Crackdown or harassment? More LGBT activists face legal ramifications

October 20 19:33 2018 Print This Article

This past 17th  October the Dhaka Judicial Magistrate Court, registered a blasphemy lawsuit filed by one Munshi Mokidul Islam. The lawsuit in question was filed against the creators of a magazine called ‘Atheist in Bangladesh’. Mr Islam alleges that the magazine’s publishers and contributors are guilty of slandering and insulting religion, particularly Islam. He states that the whole magazine is inundated with such crude content, geared towards ‘unfairly and biasedly’ criticising religion and its constituencies.

Mr Islam cites that it was his duty as the ‘member of a respected Muslim community’ to help abolish such hostile tendencies towards religion, especially Islam.

Our court correspondent reports that as many as 55 men and women have been charged with blasphemy or contributing towards producing such content. It is perhaps one of the most elaborate blasphemy cases to date in Bangladesh, at least in recent times. What is unsurprising, however, is that the magazine ‘Atheist in Bangladesh’ is at the centre of it again.

As an organization in general, they have recently drawn a lot of criticism in Bangladesh over their zealous pursuit of demystifying religious myths (their mission statement mentions as much, for anyone interested here is a link to their website As a result, they have been subjected to multiple blasphemy lawsuits here in Bangladesh, and they have been well-documented. In fact, some hold them (because of the content they produce) responsible for the hard-core atheistic values that are slowly seeping into the Bangladeshi society.

For those of us who wish to know the barebones, our court correspondent reports that the blasphemy lawsuit has indeed been filed in accordance with the much-debated Bangladesh Penal code 295. A total of the 55 individual have been accused of blasphemy in this lawsuit.

The list of accused is comprised of the magazine’s editor Arifur Rahman, publisher ‘Secular Publishers Ltd’ alongside the magazine’s contributors, and quite a few LGBT activists, writers as well. Some of the other notable names in this list including the primary accused Mr Zobair Hossain followed by the likeds of Md Abdullah Al Hasan, Kazi Md Saiful Haque, Ashef Abrar Titu, Pinaki Deb Apu, Farzana Islam,Hussain Mohammad Parvez, Riana Trina, Miltan Kumar Dey, Tamzid Hossain, Abu Taher Md Mustafa, Abdul Kader, Abdur Rahman, Pinaki Deb Apu, Hosni Mubarak, Shahadat Hossain, Taushnuva Fardousi, Syed Ishtiak Hossain, Sujan Chandra Deb, Md. Tofayel Hossain, Adnan Sakib, Arunangsho Chakraborty, Roosevelt Haldar, Abu Hanif, Syed Mohammad Shojib Abed, Md Mehedi Hossain, Syed Sunvy Anick Hossain, Enayetul Huda, Naymul Islam and others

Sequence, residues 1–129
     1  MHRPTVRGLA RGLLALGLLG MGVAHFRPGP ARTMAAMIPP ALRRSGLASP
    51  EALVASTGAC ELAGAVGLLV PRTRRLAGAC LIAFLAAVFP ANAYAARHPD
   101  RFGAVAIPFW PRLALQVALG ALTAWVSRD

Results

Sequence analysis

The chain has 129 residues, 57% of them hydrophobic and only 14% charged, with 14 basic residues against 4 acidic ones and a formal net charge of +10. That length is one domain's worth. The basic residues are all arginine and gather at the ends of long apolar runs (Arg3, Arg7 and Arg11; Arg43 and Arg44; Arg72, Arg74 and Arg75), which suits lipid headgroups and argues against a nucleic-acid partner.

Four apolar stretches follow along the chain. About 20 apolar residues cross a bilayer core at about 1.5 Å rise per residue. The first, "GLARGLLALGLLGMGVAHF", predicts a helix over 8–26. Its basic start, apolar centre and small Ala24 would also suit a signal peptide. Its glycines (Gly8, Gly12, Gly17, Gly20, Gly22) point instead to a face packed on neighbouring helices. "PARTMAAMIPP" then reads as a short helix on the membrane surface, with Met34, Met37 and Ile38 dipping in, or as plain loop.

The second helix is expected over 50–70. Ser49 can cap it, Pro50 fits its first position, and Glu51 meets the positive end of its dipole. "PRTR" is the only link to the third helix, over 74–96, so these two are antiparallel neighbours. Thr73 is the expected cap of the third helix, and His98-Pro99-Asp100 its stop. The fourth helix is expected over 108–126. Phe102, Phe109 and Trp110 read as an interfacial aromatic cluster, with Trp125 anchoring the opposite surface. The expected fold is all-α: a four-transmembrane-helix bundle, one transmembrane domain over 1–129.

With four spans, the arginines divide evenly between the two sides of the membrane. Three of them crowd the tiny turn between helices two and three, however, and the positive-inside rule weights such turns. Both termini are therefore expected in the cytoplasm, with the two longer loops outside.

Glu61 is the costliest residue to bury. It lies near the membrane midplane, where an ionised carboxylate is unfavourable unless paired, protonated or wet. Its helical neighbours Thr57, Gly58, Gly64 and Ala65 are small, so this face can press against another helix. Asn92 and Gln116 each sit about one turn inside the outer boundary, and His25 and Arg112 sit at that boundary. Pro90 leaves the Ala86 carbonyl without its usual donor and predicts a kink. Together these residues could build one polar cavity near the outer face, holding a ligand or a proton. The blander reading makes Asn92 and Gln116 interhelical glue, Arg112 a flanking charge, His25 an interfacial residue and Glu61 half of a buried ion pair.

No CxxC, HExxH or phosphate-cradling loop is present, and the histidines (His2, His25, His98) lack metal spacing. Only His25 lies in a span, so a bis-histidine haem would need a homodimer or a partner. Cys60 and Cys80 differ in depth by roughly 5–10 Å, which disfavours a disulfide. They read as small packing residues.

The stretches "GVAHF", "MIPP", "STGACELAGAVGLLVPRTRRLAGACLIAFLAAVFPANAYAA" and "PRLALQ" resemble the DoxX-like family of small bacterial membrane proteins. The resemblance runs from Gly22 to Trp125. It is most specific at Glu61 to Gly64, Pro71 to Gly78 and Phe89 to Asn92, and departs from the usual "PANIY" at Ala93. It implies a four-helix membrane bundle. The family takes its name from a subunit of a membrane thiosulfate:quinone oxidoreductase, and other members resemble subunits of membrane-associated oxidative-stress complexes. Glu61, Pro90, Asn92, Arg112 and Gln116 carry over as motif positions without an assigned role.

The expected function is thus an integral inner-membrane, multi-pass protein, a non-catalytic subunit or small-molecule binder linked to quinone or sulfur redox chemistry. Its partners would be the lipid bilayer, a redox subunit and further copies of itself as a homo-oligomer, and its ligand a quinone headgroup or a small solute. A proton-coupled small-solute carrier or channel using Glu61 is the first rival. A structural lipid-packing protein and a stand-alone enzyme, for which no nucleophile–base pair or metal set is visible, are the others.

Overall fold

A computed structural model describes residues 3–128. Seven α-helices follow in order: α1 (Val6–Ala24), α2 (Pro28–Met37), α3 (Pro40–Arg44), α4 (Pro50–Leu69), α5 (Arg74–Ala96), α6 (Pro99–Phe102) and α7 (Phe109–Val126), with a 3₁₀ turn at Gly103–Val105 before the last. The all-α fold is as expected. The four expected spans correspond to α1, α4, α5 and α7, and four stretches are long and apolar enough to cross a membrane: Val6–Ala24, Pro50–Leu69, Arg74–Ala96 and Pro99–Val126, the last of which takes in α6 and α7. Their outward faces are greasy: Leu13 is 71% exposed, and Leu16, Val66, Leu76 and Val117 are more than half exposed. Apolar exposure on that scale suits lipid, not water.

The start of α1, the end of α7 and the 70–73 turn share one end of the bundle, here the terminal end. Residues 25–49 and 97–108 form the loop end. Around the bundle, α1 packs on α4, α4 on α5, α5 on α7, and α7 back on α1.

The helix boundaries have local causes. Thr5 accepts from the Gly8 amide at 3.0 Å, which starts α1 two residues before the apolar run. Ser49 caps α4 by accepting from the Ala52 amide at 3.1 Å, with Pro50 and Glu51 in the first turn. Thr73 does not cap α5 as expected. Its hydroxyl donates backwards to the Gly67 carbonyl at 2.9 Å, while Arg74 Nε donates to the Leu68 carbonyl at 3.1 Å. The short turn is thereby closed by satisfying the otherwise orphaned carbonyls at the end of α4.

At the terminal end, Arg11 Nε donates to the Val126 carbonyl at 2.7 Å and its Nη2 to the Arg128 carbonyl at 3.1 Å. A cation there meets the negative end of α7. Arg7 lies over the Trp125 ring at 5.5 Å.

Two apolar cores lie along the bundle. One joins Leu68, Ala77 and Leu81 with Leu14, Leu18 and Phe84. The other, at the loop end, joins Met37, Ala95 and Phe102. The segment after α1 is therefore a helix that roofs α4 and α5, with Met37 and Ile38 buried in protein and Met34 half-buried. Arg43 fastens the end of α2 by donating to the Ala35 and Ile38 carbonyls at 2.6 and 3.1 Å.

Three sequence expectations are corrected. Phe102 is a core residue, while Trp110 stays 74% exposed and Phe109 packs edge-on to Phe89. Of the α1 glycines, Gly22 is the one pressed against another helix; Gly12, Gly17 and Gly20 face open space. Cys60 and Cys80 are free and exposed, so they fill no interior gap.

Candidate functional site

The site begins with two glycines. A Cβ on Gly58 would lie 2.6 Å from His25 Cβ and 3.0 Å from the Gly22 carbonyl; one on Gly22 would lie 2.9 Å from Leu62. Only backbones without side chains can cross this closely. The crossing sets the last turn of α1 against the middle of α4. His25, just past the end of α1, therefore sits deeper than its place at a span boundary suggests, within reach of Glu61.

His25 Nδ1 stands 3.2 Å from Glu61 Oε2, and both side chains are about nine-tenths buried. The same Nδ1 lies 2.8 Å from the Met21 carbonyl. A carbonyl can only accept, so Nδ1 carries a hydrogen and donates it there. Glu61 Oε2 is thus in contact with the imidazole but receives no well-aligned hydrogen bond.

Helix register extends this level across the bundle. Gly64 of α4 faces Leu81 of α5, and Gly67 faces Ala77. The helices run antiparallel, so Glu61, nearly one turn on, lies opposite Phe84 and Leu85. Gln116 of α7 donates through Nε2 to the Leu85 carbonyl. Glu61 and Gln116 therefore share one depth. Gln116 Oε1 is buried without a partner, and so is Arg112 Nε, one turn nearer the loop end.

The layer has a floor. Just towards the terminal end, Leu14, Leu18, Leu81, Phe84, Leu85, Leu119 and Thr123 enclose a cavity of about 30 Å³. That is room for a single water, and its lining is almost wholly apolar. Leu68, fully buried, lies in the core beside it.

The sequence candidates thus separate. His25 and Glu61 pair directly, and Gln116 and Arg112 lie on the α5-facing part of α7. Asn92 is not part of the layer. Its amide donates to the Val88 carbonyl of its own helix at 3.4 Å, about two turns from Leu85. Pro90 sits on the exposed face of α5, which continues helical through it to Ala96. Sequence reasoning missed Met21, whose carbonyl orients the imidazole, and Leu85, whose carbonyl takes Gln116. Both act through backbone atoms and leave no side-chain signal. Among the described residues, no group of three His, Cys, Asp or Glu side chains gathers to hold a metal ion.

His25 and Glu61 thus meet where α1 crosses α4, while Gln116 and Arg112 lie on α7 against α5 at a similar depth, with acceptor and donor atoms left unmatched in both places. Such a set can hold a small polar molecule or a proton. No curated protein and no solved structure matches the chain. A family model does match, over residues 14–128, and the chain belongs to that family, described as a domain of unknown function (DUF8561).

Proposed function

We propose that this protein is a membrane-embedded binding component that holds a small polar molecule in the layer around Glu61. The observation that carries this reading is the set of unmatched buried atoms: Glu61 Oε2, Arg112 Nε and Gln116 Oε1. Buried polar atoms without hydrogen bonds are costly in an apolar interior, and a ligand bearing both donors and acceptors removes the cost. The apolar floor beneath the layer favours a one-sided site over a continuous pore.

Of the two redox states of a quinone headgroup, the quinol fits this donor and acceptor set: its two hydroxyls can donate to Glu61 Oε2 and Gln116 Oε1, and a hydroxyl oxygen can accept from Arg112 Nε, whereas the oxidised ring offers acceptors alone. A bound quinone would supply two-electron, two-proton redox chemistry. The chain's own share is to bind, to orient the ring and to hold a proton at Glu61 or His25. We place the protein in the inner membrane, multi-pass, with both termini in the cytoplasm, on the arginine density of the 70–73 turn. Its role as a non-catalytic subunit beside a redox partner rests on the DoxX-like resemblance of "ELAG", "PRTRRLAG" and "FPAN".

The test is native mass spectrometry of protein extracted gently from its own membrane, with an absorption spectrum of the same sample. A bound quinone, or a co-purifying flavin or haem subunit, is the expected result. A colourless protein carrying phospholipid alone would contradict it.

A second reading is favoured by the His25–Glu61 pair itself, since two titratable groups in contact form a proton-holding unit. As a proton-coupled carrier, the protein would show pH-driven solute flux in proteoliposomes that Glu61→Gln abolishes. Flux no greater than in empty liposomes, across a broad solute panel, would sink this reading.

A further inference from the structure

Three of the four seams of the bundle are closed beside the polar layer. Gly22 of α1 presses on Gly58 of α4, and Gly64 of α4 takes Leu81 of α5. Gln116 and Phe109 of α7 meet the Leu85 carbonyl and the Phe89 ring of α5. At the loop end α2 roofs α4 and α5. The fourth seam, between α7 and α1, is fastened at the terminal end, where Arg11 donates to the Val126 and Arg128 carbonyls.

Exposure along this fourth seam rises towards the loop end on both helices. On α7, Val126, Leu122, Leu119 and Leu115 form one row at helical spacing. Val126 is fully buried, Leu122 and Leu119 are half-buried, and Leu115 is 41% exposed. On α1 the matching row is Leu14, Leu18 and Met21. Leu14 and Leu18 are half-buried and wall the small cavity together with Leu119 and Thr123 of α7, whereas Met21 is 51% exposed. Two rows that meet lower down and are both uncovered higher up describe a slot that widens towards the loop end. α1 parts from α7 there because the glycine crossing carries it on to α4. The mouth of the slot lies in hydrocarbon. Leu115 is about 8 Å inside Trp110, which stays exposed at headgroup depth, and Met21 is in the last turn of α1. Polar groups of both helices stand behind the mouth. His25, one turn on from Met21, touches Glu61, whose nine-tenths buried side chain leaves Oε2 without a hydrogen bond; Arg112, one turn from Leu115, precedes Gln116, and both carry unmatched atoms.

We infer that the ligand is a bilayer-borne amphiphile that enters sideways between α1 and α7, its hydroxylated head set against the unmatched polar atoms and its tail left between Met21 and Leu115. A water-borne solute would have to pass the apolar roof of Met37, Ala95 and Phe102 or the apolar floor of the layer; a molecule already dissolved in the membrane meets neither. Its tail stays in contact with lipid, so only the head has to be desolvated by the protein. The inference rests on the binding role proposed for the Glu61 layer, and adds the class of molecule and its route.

However, it is a bit unclear as to whether the lawsuit also serves a dual purpose, namely to subjugate known members of the LGBT community. Yes, some of the contributors of ‘Atheist in Bangladesh’, named in this huge lawsuit, are indeed gay, lesbian or bisexual. For instance, the primary defendant Taushnuva Fardousi, is an openly homosexual woman, and a proactive LGBT activist in the UK. As you may very well know that homosexuality or bisexuality is categorized as a punishable offence in Bangladesh. It would have been no surprise had the plaintiff brought charges in accordance with Bangladesh Penal code 377, which describes at length the levies of being a member of the LGBT community in Bangladesh.

As you can probably gauge, our court correspondent did catch up to the plaintiff Mr Munshi Mokidul Islam, who was not shy of making some strong comments about the men and women he had just accused of blasphemy. For the benefit of our readers, we had to edit some sections of his comments, but in general he described ‘Atheist in Bangladesh’ and its contributors as “disgusting creatures of habit” who are “besmirching our great religion and by extension our country (Bangladesh)”. Indeed, Mr Islam expressed his surprise how more people are not rallying together against this. He also blamed the Bangladeshi government for “being too soft” and claimed that he is looking to launch a nationwide campaign against blasphemy to raise awareness. He was unable to give us an exact date on it though.

Our correspondent decided to do some further probing and contacted the Home Ministry for their thoughts on this latest blasphemy lawsuit. After 45 minutes on the line our correspondent was put through to a spokesperson who although amicable, flatly refused to comment on what he claimed was ‘an isolated incident’. We asked to speak to the deputy Home Minister but where denied again.

Our correspondent afterwards managed to track down the primary accused in this lawsuit Zobair Hossain, who currently lives in the United Kingdom.

Meanwhile, we were able to get in touch with the Police Bureau of Investigation (PBI). Indeed, one of the officer Shamim Ahmed spoke to us briefly, citing that they are investigating the claims according to the court order and trying to get in touch with those that have been accused. The media will be updated as soon as there are any developments.

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